The Taliban’s dangerous collision course with the West

“It is one of the largest and most important women’s hospitals in Afghanistan,” she explained. The patients were women, of course, but almost all the medical staff were too. As we walked through the hallways, which smelled of disinfectant, she pointed out that they were clean and freshly painted — a drastic change from a year ago, when they were fetid with bodily fluids and litter. The hospital, too, had suffered from corruption and dysfunction endemic to the republic. Much of the civil service stopped receiving salaries as early as April or May. The former government had attempted to switch to a new payroll system, while simultaneously burning through its cash reserves in a last-ditch attempt to fund anti-Taliban militias. At the hospital, staff continued to work for months without pay and begged for donations of food and other supplies from local businesses. “It was heartbreaking to think it was about to fall apart,” Stocker said.

In the recovery room, nurses transferred a young patient from a stretcher to her bed, her back bent in pain. Aged 24, she suffered from eclampsia, a complication of pregnancy that caused convulsions so intense that she lacerated her tongue and broke her teeth; doctors had performed an emergency abortion to save her life. His gray-haired mother sat by his bedside, relief apparent on her face. “She would be dead,” she told me.

Now that the fighting had stopped in the countryside, more patients could travel to the capital from remote areas, where the reproductive health of women in particular was often dire. Suddenly, the staff was dealing with very serious cases: women who, like this young patient with eclampsia, would simply have died at home. The economic crisis had gutted the private sector and ended overseas medical tourism, so public hospitals like Malalai, where care was free, had seen an increase in admissions – in some cases outpatient visits had increased tenfold. . The pressure on medical workers was evident, but at least, unlike much of the Afghan public sector, they could expect regular salaries. But for how long ?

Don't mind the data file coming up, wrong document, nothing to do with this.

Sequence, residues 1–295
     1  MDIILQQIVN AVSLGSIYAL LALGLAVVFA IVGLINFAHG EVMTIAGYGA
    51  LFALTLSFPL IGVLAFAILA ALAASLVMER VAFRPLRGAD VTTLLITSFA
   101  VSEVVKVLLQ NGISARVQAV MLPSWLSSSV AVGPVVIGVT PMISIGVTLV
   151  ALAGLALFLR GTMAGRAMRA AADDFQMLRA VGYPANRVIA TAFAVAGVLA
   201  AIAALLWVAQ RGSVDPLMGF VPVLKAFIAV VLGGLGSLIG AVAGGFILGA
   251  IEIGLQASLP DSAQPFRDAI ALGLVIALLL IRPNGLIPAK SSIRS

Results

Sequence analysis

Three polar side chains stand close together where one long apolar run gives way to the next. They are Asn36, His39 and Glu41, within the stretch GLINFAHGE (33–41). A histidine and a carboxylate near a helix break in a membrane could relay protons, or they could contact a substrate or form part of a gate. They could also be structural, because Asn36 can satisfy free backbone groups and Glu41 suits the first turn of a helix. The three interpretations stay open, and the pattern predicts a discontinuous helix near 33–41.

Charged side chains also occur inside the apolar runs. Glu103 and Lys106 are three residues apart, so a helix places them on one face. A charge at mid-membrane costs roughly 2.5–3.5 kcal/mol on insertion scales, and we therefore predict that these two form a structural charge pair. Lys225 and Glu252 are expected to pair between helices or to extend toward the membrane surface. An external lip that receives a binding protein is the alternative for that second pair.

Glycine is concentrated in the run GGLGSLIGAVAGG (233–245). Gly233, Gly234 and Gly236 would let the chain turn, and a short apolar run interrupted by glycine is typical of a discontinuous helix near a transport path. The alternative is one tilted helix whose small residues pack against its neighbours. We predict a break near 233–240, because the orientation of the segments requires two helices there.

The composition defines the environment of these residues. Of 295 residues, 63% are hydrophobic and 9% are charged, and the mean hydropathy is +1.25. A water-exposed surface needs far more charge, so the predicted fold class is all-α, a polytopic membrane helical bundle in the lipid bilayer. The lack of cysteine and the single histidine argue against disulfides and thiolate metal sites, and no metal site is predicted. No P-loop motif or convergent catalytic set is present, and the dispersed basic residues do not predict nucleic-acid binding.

Along with its appeal for emergency aid, the UN was seeking to fund a $3.42 billion plan to deliver basic services directly to the Afghan people, bypassing the Taliban government, what some call “humanitarian plus”. But as Stocker pointed out, the intervention of groups like the ICRC entrenched the very addiction that was the problem. “Our feeling was that a national health care system needs a ministry to sustain it,” Stocker said. “You need a state.”

As a teaching hospital, Malalai has also helped train the next generation of Afghan maternity specialists, nurses and midwives, women like Dr. Rana Afzali, whom I met in the neonatology ward , where a young mother sat in the corner, holding her newborn baby. Dressed in a white blouse and a colorful scarf, Afzali had just left her residence. It was a daunting time to enter her profession, but she told me she was happy to work, unlike many of her classmates who had fled overseas. “They’re sitting inside depressed – I stayed,” Afzali said with a shrug. “I am a hopeful person.”

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